I was reading this post by Nova Spivack when I finally understood that there are two semantic webs. Nova calls them The Intelligent Web and The Data Web. (I think this is in some way related to the longstanding debate about Semantic Web vs. semantic web, which never really made any sense to me before). To put a slightly different spin on it, I like to think of these as the Orderly Semantic Web and the Chaotic Semantic Web.
The Intelligent Web is what one might imagine when reading the scenario at the beginning of the famous Scientific American article. I believe that part of the story is meant to get the imagination flowing, more than anything else. People who take it too literally have had trouble buying into that idea of the Semantic Web, not because the technology is so far-fetched, but because it seems to require a sort of Utopian information society where all information is free and everyone has agreed on a common descriptive language to communicate that information. If people see that as a prerequisite for the success of the semantic web, it’s easy to see why they’d dismiss it as “never gonna happen”.
Read a little more deeply and you’ll discover a more realistic vision: The Data Web is a semantic web that’s more like the familiar World Wide Web, in that it can be distributed and you don’t need consensus. People can create whatever content and information they want and meaning can emerge later, when there’s enough data for new processes to dig into that data in significant ways. Google is the game-changing Web 2.0 tool that arrived to make sense of the wild west that was Web 1.0, at the time. Similarly, it may turn out that the tools that will truly make sense of Web 3.0 (in other words, The Data Web) won’t emerge until some future phase – let’s call it Web 4.0, just for fun.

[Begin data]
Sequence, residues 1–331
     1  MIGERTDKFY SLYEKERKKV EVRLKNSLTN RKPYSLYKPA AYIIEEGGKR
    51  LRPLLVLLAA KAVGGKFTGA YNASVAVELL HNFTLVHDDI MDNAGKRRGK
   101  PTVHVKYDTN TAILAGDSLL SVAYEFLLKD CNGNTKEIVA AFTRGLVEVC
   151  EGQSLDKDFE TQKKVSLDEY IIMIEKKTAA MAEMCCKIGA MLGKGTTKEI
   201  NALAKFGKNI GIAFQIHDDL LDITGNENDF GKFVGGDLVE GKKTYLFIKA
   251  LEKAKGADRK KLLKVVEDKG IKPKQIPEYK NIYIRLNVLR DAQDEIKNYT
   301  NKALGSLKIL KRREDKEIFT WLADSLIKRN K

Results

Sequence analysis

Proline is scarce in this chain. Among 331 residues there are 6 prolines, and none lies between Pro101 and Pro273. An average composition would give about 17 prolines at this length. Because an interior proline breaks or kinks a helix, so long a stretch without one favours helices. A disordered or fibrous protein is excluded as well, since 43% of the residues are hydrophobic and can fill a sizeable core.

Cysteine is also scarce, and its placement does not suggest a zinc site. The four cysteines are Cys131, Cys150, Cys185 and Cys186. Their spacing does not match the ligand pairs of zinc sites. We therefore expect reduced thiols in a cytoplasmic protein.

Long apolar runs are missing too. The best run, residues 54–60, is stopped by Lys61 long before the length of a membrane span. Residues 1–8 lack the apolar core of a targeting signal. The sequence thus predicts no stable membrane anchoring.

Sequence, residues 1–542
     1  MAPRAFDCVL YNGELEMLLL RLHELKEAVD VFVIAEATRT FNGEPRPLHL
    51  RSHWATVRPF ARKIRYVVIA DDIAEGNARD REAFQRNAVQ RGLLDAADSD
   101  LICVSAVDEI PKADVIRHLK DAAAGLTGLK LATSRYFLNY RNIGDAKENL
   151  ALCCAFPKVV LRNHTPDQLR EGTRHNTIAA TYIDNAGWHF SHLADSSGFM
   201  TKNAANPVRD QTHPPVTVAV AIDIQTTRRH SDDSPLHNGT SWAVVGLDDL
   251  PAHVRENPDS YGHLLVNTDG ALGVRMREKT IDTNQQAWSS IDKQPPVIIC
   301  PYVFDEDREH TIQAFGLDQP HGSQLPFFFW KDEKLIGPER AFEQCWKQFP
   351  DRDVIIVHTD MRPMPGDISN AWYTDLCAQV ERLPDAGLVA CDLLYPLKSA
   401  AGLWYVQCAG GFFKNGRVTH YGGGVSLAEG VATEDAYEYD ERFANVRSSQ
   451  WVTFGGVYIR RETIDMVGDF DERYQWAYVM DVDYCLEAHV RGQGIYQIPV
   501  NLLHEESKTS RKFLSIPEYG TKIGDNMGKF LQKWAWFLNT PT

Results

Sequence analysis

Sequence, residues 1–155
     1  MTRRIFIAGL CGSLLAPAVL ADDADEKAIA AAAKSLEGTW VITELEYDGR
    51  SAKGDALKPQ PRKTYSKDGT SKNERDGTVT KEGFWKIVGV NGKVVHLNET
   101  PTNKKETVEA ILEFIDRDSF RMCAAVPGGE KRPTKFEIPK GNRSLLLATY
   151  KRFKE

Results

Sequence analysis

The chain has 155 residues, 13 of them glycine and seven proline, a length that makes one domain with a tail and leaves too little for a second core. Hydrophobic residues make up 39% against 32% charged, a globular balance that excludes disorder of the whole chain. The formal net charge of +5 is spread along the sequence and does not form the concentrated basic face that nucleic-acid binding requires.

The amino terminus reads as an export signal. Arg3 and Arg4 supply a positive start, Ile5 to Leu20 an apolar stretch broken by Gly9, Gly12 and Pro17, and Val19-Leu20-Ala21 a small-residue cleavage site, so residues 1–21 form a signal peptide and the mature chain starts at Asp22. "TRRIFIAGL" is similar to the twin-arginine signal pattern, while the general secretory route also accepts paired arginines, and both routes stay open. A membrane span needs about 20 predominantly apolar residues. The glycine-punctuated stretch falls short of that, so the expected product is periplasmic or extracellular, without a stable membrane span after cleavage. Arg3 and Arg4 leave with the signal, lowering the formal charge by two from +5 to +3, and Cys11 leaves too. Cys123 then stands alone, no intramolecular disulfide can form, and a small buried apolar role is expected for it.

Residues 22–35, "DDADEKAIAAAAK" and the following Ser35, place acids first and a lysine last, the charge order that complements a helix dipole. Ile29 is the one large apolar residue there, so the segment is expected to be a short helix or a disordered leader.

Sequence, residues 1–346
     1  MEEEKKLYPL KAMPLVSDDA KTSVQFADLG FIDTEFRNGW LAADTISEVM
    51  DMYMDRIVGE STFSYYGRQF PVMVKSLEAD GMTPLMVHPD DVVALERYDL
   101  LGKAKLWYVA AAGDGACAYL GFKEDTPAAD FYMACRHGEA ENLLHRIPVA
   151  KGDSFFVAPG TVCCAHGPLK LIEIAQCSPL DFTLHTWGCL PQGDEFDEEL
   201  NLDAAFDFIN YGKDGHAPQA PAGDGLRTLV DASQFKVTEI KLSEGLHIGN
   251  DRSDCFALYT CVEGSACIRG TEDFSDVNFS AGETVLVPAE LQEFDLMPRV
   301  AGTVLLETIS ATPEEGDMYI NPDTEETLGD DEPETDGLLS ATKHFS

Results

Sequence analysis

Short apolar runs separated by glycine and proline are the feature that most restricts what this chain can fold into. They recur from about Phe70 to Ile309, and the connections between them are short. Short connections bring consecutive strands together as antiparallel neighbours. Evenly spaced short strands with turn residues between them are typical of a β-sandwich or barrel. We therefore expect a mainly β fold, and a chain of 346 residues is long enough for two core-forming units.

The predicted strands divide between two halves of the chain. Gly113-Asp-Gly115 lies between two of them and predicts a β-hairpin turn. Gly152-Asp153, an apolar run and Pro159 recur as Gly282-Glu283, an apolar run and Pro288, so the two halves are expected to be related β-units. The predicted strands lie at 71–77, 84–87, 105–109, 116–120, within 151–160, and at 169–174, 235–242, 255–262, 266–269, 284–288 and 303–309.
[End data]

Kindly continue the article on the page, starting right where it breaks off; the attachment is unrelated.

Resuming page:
So why did I rename these two models? It makes it a little easier for me to state this: the Orderly Semantic Web (roughly analogous to what Spivack calls The Intelligent Web) is never going to happen. Universally agreed upon upper ontologies? Not likely. All data open and free, and never misused? No chance. The totality of human intelligence expressed using nothing more than syllogisms and first order logic? Set your mind at ease, Clay Shirky, this won’t be necessary.